Book Review: Cloud Atlas

Cloud Atlas
By David Mitchell
Published in 2005

I’m planning to watch this movie later this week, so I want to write this before I do.

(In defense of this book, and in my own defense, and to explain the review I’m about to write, I started reading Cloud Atlas right after I finished The Book ThiefThe Book Thief is a book that grabs your heart, your mind and your guts, twists them together, and leaves you gasping afterwards, trying to collect the parts of yourself that you’ve somehow left between its covers. It’s the kind of book that you try to tell yourself to stop reading, so that you’ll be able to work tomorrow… but you can’t. You just can’t stop. I’ve tried to be fair to Cloud Atlas, but I suspect that any book I read after The Book Thief was going to leave me a little deflated.)

There are lists of books that you’re supposed to read. They’re lists that are full of excellent, heavy, complicated books. I love lists like this, because they give me ideas about what I should read when I run out. Cloud Atlas is a book on one such list. I also read it because I’ve heard good things about it, and I wanted to watch the movie. When possible, I prefer to read the book first.

So. Cloud Atlas.

The book has a remarkable structure. Six interwoven stories, starting from the outside and working their way in chronological order to the center, and then out again. Each story is written in a style suited to the era that it’s set in.

To give you a brief overview:

Adam Ewing’s sea journey is first, and is written in the form of diary entries, a style popular in the late 1800s. It reminded me of Golding’s Rites of Passage.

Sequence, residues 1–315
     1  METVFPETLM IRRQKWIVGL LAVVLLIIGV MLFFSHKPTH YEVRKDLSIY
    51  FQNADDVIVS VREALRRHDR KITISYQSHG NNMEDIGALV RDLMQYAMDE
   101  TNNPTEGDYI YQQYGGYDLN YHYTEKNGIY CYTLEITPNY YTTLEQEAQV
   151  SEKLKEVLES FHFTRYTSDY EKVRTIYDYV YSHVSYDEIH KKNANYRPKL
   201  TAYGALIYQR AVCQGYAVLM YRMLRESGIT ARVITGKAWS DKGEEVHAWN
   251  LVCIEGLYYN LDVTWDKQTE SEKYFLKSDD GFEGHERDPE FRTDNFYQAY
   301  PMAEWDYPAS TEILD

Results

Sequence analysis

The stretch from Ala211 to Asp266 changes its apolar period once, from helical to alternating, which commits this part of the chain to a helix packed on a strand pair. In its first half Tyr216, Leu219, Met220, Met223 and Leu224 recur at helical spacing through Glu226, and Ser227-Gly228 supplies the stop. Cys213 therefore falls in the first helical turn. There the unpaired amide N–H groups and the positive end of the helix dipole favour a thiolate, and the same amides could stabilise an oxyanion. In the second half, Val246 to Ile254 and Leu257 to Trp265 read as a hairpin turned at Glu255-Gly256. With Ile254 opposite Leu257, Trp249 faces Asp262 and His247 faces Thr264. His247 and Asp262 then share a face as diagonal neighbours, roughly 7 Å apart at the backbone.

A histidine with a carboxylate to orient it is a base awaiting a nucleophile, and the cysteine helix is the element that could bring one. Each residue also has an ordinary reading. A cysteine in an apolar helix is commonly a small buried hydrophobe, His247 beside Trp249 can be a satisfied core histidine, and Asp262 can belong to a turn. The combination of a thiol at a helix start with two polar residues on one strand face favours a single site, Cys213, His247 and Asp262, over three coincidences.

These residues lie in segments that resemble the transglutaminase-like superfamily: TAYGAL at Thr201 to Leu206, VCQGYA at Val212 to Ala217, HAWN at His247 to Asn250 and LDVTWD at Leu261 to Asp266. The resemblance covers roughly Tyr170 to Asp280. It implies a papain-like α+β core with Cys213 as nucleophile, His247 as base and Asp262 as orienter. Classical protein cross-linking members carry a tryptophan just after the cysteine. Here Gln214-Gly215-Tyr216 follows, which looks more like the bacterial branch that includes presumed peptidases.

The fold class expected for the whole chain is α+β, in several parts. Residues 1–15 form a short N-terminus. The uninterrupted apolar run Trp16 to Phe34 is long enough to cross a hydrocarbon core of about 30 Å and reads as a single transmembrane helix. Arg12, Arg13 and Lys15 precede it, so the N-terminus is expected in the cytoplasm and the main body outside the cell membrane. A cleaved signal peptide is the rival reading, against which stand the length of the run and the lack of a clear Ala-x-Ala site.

This diary is then found by Robert Frobisher, who is writing letters to his friend Rufus Sixsmith, in the 1930s.
These letters are then found by Luisa Rey in 1975, as she investigates a case, and has her life placed in peril on several occasions.
Luisa Rey’s story is then turned into a manuscript, which is being read by Timothy Cavendish, before he finds himself accidentally locked in an old age home.
Timothy Cavendish’s story gets turned into a film, which is watched by Sonmi-451 in Neo-Seoul. Sonmi-451 is telling her story, which is being recorded.
Finally, the story at the center of the book, is set in a futuristic, post-Apocalyptic world, where Sonmi’s recordings have been found, and she is regarded as something of a goddess.

Now… it’s not as complicated a book as all that. It did, however, take me about 8 months to finish. Some sections I read through at great speed, and others dragged like cement.

For example, I was intrigued by the story behind Adam Ewing’s journey (part 1) and was curious to see how it worked out, but the journal style always leaves something to be desired. What is missing? What are we not seeing? This section… I got through it with the kind of grim determination that I had to learn while reading books for my degree.

Robert Frobisher, presented a fascinating story. In this section, I think we’re much more aware of the bias of the speaker. Is Frobisher meant to come off as arrogant? I suspect so. But we find some depth in him as his letters continue. He’s spoiled, and I think that we’re mean to see him as such, but he’s not irredeemable.

The Luisa Rey story fitted perfectly into its genre – a great peril posed by a mysterious corporation, cars being driven into a lakes, great deals of danger, a dead father that the lead character wants to live up to, and so forth… perfectly in the style of pulp crime thriller fiction.